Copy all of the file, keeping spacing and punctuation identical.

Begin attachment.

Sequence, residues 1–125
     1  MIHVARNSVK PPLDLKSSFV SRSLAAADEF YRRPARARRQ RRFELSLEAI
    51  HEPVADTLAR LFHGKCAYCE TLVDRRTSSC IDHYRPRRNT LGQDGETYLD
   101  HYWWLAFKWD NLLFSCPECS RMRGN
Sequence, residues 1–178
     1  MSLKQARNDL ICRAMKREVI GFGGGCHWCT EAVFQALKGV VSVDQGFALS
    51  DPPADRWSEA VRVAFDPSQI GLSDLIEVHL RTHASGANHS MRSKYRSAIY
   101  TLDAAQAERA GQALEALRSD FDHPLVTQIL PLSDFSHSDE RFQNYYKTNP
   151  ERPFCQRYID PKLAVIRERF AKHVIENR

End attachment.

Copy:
Sequence, residues 1–125
     1  MIHVARNSVK PPLDLKSSFV SRSLAAADEF YRRPARARRQ RRFELSLEAI
    51  HEPVADTLAR LFHGKCAYCE TLVDRRTSSC IDHYRPRRNT LGQDGETYLD
   101  HYWWLAFKWD NLLFSCPECS RMRGN
Sequence, residues 1–178
     1  MSLKQARNDL ICRAMKREVI GFGGGCHWCT EAVFQALKGV VSVDQGFALS
    51  DPPADRWSEA VRVAFDPSQI GLSDLIEVHL RTHASGANHS MRSKYRSAIY
   101  TLDAAQAERA GQALEALRSD FDHPLVTQIL PLSDFSHSDE RFQNYYKTNP
   151  ERPFCQRYID PKLAVIRERF AKHVIENR